Did The Stalker Have A Point?
Today the Los Angeles Times ran a review of a book by a professor named Grace Lasdun. Lasdun describes her terrifying ordeal of being stalked by a madman. "Imagine," the review bids us, that a stalker "seemed affectionate, then convinced of a deep connection, then became furious and set upon destroying your life." The book — and review — tells the tale of how a stalker became convinced of a relationship with Grace Lasdun, then went on campaign of deranged hate, deluging Ms. Lasdun with dozens of anti-Semitic emails and an internet campaign of untruths, accusations of plagiarism, and vile communications with Lasdun's employers and colleagues. Her life was changed.
But this review asks something that is too rarely asked. What responsibility does Lasdun bear for a deranged stalker pursuing her, imagining a relationship that she did not want? Did she lead him on? Did she give the wrong signals? Does her language in describing the stalking suggest an unbecoming entitlement? "This lack of perspective," as reviewer Carolyn Kellogg calls it, calls into question the entire way Grace Lasdun describes her stalking. Kellogg explains how Lasdun's description of the stalker suggests a preoccupation with appearance and a lack of awareness of power differentials that might have contributed to the stalking — "Lasdun reveals actions that may have contributed to her problems without seeing the connections. She likes their flirtatious emails but at one point realizes they have become too much and suggests breaking off contact."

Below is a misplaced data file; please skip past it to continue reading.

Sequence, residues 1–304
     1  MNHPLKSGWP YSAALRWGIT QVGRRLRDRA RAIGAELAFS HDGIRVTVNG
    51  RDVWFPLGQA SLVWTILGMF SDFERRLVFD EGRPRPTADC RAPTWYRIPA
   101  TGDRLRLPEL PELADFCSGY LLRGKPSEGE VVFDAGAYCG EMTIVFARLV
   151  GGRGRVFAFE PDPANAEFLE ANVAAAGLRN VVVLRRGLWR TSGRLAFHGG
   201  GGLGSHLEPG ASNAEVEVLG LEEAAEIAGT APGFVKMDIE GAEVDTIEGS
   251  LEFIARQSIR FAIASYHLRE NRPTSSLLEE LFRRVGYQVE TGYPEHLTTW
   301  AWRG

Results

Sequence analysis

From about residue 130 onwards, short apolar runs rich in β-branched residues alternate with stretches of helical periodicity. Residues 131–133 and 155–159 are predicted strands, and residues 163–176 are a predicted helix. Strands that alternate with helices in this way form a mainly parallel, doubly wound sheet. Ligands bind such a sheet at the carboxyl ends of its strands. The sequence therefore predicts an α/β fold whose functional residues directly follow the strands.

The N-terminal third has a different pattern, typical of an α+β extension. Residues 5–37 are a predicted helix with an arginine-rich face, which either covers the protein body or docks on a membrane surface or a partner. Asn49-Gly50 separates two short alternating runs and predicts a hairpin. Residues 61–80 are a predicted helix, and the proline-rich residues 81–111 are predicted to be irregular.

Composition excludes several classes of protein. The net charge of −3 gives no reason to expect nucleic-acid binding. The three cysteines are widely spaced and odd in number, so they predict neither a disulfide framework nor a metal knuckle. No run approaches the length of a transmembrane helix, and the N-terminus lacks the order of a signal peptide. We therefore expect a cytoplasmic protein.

Reviewer Carolyn Kellogg also shows an admirable sense of empathy for the stalker, asking us to question "could Lasdun have managed his growing affections differently"?
OK. I lied.
The stalked professor — the author of the book is not Grace Lasdun. It's James Lasdun. The stalker was not a man. It was a woman. Patterico discussed the story as a compelling tale of what it is like to be stalked by a crazed person. Speaking as another subject of deranged stalkers, I admit it resonates.
You were seriously creeped out by the start of this post, weren't you? The seeming apologia for a stalker — and the victim-blaming regarding "Grace Lasdun" — made your skin crawl. The themes I noted, the words I quoted, touched on every vile what-did-she-do-to-ask-for-it trope you've ever heard about erotomania or stalking or rape or pervasive harassment. "Look at this terrible stalking — what kind of role did she have in encouraging it? What wrong signals did she send?"
It is inconceivable that the Los Angeles Times would have run this book review if, in fact, the stalking victim had been "Grace Lasdun" rather than "James Lasdun." It is nearly inconceivable that the Los Angeles Times would have run such a victim-blaming piece about a man stalking a woman — at least, not without widespread denunciation and outrage.
So — why is it so easy for Carolyn Kellogg to write a "what did the victim do to encourage this" when the stalkee is a guy, and the stalker a woman? Is it a mere double-standard? Does the answer lie with the vapid doctrinaire views seeping out from academia hinted at by Kellogg's reference to "obliviousness . . . to power relationships"?
You could write the Los Angeles times or Carolyn Kellogg to ask them yourself. But be polite. After all, nobody deserves abuse from a deranged stalker, and it would be twisted to ask what they might have done to invite it.
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